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Doug, ASE Certified Technician
Category: Car
Satisfied Customers: 8594
Experience:  16 years automotive and OTR repair including specialized training from Toyota and Mitsubishi
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Ref: 1994 Fleetwood Bounder M36P (Cummins diesel/Oshkosh chassis):

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Ref: 1994 Fleetwood Bounder M36P (Cummins diesel/Oshkosh chassis): I converted the sealed beam headlights to H1/H4 elements. They work well for about 30 minutes when the begin flashing on/off with about 2 second cycles. Unable to locate a relay or breaker specific to headlights. Received wiring diagrams from Fleetwood but they dont show headlight switch or wiring between switch and fuse panel or fuse panel and wiring harnesses at headlights. I have the relay in hand that Hella recommends for this installation, but can't find where to put it.

The relay that is provided by Hella is for an auxillary power run. Hooking up the higher power lights directly will result in excess power draw that is unsafe for the existing wiring which is why you are having power problems as things heat up with extended use.

The relay provided needs to be hooked up so that the power feed to the headlights is connected to the relay on the load side then straight to a auxillary fuse then the battery. The feed previously going in to the head light needs to go to the control side of the relay, and the other end of the control side to 12V or ground (depending on the headlight switched input... it will be the opposite).
This needs to be done for both low and high beams, one relay each (tap to the headlight input prior to the split to both sides so you only need one low beam and one high beam relay)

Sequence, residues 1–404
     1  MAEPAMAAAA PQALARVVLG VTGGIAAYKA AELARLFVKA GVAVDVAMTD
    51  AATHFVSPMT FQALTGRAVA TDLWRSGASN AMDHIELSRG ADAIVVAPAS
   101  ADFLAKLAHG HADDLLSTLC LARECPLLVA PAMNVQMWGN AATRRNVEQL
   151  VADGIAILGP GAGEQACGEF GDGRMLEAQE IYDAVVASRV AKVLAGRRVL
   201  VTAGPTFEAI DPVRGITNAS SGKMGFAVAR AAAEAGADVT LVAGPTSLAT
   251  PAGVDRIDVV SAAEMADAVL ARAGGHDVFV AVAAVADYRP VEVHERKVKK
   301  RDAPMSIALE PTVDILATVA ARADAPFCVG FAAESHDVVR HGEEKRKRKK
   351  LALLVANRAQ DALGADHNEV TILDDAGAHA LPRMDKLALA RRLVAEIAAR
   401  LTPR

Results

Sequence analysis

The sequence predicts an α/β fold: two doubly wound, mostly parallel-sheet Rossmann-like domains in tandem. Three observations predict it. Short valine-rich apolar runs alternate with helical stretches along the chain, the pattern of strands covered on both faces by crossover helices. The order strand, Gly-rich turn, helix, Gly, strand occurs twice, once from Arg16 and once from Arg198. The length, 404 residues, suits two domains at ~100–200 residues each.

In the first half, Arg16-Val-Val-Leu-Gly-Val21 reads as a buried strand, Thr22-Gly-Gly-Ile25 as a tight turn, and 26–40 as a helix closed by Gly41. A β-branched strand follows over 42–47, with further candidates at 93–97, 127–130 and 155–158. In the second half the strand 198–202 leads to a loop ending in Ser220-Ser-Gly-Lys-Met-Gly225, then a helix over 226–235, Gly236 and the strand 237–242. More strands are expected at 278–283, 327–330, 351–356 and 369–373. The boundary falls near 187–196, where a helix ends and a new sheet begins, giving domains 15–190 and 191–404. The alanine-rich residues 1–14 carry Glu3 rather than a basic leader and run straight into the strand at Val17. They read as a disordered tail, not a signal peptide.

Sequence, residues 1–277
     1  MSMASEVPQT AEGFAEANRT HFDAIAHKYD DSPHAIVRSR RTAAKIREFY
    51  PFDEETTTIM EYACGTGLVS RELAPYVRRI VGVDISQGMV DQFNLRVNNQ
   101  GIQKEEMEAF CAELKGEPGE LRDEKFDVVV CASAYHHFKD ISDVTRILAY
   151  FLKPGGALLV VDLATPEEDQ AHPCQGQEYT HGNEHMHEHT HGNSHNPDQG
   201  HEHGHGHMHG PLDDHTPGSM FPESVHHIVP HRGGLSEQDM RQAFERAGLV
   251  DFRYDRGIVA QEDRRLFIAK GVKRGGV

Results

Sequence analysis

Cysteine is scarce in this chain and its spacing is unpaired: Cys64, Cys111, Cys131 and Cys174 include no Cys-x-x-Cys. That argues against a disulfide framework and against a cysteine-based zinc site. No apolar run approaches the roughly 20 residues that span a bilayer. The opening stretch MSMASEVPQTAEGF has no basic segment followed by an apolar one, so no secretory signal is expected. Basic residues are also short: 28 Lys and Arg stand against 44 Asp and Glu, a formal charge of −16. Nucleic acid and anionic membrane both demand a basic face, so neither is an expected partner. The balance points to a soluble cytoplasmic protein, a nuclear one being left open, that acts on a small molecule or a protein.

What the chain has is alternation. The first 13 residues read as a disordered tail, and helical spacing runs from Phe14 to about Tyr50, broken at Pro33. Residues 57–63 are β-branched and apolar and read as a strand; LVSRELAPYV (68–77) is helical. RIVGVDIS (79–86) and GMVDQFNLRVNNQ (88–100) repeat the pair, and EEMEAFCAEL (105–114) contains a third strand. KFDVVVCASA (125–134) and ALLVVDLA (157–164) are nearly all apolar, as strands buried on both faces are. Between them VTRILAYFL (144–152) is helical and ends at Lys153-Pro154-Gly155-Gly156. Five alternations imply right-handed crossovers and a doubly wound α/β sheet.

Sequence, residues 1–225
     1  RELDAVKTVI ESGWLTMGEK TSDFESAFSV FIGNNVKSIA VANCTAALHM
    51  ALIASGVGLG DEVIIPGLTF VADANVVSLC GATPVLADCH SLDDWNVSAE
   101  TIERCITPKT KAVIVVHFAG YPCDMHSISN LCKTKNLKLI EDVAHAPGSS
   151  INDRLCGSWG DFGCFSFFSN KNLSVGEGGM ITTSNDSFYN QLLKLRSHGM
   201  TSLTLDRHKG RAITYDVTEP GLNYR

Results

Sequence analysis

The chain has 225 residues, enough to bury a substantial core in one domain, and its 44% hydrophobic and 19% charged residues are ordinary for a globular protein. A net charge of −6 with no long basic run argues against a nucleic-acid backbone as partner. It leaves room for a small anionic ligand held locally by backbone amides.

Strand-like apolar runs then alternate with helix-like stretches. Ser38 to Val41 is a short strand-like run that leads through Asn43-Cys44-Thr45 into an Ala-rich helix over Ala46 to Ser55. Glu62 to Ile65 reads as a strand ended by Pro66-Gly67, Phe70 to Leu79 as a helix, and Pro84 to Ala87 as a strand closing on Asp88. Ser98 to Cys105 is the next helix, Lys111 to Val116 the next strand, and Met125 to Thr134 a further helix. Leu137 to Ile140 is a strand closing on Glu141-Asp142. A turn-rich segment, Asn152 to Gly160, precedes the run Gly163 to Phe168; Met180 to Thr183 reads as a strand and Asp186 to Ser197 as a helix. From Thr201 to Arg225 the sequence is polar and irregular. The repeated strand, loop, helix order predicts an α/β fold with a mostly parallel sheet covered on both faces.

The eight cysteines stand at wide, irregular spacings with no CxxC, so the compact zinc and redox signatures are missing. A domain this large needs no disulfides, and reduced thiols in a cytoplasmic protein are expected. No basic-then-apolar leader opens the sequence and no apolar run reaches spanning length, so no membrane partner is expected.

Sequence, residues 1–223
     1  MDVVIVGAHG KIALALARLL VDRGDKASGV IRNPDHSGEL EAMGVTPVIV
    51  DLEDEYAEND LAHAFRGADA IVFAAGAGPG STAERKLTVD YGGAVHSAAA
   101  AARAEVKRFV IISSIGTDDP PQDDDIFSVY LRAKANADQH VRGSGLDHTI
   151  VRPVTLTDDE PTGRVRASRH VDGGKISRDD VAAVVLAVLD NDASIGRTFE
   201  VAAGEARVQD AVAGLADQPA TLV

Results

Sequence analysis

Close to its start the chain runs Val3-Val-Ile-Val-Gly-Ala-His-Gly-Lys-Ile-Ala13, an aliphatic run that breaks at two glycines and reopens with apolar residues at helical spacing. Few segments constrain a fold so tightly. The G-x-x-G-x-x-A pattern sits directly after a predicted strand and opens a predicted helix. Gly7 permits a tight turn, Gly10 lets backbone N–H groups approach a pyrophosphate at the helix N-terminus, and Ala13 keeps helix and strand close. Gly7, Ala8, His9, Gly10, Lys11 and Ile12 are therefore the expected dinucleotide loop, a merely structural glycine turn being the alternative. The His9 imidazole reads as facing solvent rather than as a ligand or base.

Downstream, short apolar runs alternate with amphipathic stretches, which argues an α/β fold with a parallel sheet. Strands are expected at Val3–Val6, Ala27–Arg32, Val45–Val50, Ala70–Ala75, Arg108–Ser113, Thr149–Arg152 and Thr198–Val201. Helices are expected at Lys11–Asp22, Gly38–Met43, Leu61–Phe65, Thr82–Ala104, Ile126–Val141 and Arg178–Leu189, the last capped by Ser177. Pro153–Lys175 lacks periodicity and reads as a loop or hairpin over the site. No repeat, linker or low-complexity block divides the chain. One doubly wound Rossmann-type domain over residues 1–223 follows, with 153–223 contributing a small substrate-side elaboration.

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Customer: replied 4 years ago.

Doug: Thanks for the response. Any chance that you can direct me to some form of schematic or diagram that shows me how I can wire up the relays? The "relays" provided are about 3/4" cubes with 5 plug-in spades. I assume that some form of receptacle would be required. Would this be something available off-the-shelf? Or would some other type of relay be appropriate? Jerry

Hi Jerry,


You can buy receptacles for these relays or just use blade terminals to plug in (receptacle is more desirable of course).

I do not have access to a schematic for your vehicle, however the general configuration would be the same on any vehicle. The 3/4" 5 pin relays are standard "Bosch" type relays. They will be numbered somewhere on the relay to identify each pin. Pins 85 and 86 are your coil pins. Essentially, if your headlights are positive trigger like all vehicles basically, you would connect one of these to constant ground and the other to the headlight trigger signal (the wire that normally goes hot when you turn the switch on for whichever beam you are wiring) which would go positive when the switch is turned on. When this happens the coil of the relay has power and ground and it energizes.

Pin 30 on the relay would be your load power which would connect to a fuse then battery positive, using the recommended gauge of wire for the lights you chose.
Pin 87 is the output load which would then run 12V to each headlight positive input for the beam you are wiring, and the wire would need to split off to power both headlights (same beam) on the same relay feed. The headlight bulb would retain constant ground.

The same process would be repeated for the high beams, again using one relay to power both beams.

Here is a very nice illustration someone else has made to visualize what I described. You will see the factory wiring at the bottom going in to the relays as triggers on 86, the red new power feed fused going to pin 30 on each relay. The ground on pin 85 is shared with the headlight grounds in the illustration, though this is not necessary since you are working on a vehicle that uses a shared chassis ground.... 85 just needs to be grounded to chassis if that is easier.
Pins 87 show the output wiring to the appropriate headlight and beam on each side.


I just wanted to add, you can disregard the different design (4 headlight, 2 low 4 high configuration), something you won't be using on yours.... the illustration is primarily to show the items I described only. I didn't want that wire to cause any confusion.